3 Steps to Executive Salary Negotiation Success | Career Impressions

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3 Steps to Executive Salary Negotiation Success | Career Impressions

Employers always have a salary figure in mind when the time comes to hiring a new executive. That figure is not set in stone, but shockingly few people will actually negotiate for a higher compensation package. A survey by Robert Half reveals that only 39% of people tried to negotiate.

Yet negotiating pays. Another study by Jobvite found that 84% of people who did negotiate ended up receiving higher salaries, with one-fifth of them receiving 11-20% more. That’s a lot of money you could be leaving on the table if you simply take the initial offer. 

Negotiating for extra money isn’t as simple as saying “No, I want more”. Rather, one must research, prepare, and present from a position of strength.  

Executives who seek new roles should keep in mind that with every strategic career move, an increase of 10-20% in pay should occur. This increase includes the whole compensation package, not just base salary. 

In order to present your executive salary negotiation case in the most impactful manner, here are 3 strategies to help you gather evidence and make a strong case.

 

Conduct Market Research 

Think of executive salary negotiation like any investment. Would you purchase a new house, a new car, or invest in stock without doing research? Likely not.  

Employers also need to know the quality and return on investment – will they get their money’s worth from hiring you? To make the strongest case, research is required. 

Evaluate and note any/all of the following: 

Documented salary levels related to: 

  • Position 
  • Experience 
  • Industry 
  • Geographic location

Economic conditions within the: 

  • Job market 
  • Industry 
  • Organization 

Gather information from trusted websites, trade/industry publications, or recruitment firms. Additionally, seek informal data by talking to current or former employers and top professionals who work in similar roles.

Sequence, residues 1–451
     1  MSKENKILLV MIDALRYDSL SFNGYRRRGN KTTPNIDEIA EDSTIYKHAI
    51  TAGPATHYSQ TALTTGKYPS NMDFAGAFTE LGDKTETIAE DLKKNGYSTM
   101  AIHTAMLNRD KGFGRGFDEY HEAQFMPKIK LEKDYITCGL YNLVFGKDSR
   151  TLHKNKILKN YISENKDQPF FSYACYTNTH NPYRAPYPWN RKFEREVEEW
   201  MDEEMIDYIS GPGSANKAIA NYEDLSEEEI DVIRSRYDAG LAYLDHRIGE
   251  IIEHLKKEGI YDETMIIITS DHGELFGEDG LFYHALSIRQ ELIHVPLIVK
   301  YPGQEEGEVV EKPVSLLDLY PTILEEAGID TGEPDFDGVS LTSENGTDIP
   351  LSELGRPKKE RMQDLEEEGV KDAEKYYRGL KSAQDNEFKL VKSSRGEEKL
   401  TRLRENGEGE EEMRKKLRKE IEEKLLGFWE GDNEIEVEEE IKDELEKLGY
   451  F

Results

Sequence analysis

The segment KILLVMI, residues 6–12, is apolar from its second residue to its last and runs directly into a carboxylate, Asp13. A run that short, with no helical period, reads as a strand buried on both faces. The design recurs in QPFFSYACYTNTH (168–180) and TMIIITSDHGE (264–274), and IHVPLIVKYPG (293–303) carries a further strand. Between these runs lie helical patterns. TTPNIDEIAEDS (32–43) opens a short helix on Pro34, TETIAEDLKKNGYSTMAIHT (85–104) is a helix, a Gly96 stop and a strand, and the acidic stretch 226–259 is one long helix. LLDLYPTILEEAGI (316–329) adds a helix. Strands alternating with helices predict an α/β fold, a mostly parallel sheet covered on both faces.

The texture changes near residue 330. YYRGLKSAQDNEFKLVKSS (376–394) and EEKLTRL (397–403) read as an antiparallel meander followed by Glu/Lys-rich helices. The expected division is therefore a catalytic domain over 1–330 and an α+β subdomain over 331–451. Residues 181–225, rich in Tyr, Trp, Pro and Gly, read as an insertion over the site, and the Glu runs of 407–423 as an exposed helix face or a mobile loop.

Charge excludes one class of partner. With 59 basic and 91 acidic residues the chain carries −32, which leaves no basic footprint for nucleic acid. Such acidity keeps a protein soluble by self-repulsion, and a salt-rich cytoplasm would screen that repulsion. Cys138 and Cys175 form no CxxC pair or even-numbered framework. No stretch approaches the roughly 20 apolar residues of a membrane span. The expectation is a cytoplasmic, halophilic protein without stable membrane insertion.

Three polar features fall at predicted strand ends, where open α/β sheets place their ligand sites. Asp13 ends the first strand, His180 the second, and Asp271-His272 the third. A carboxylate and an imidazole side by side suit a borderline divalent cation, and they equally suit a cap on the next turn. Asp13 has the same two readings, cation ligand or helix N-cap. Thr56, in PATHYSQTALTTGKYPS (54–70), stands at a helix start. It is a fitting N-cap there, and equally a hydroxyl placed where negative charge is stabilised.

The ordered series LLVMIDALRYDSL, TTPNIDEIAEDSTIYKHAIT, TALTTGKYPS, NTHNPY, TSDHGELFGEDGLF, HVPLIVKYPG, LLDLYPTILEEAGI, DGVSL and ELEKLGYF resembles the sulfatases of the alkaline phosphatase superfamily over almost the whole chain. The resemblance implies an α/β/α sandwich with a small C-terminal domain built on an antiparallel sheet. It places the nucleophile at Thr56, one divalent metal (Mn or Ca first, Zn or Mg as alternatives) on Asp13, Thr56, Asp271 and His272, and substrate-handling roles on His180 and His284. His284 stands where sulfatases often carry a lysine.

There are multiple websites that provide legitimate data, but here are a few for consideration: Salary.comRobert HalfPayscaleSalaryExpert.com, LinkedIn Salary,  and Career Contessa Salary.

 

Prepare Supporting Documentation 

Just like any proposal, concrete evidence is required to support the ask. If you haven’t been keeping a career brag filenow is the time to start. Documents and evidence that demonstrate success and accomplishments from throughout your career can be leveraged to convince the employer of your value and ROI. 

Don’t just write jot quick notes; create a professional overview that outlines all the facts. Generate a 1-5 page professional file (brand it to match your resume!) that highlights your worth AND includes salary data research, that you can slide across the table when the right moment arrives. 

Never assume the employer understands what sets you apart from other candidates or where your value lies.  

The goal of executive salary negotiation is to make it easier for the employer to say yes – or to come closer to your request than they may have otherwise. 

 

Create a Total Compensation Package List 

The number on the table isn’t the WHOLE package – remember that.  

Full compensation includes items such as health insurance, vacation, personal time off, retirement plans, bonuses, stock options, tuition reimbursement, company supplied equipment, expense accounts, company car, etc. The list goes on.  

Sometimes a company will say they don’t have room to negotiate base salary. What they don’t tell you, however, is that you can negotiate on other items.  

Non-cash benefits can add 30% to 40% to your total compensation package. 

For example, perhaps the company has rejected an increase to your bottom-line salary, but they can provide 1 additional week of paid vacation a year or 3 extra paid personal days. These items don’t equal more money in your pocket, but they do enable more paid time off and increased work/life balance. 

As part of your preparation, take time to think about what you want in your compensation package, and what is negotiable.  

Do you have a family that needs robust health coverage? Is flextime or work-from-home important to you? What about an expense account?  

If an employer presents a number that isn’t quite what you were aiming for, ask yourself if you can negotiate a better benefit to make up for it. 

 

Employers expect candidates to negotiate. It’s all part of the process. Arming yourself with the right research will help you present your executive salary case confidently and professionally.

If you want a deeper dive into executive salary negotiation strategies, visit my shop! 

 

 

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Adrienne Tom

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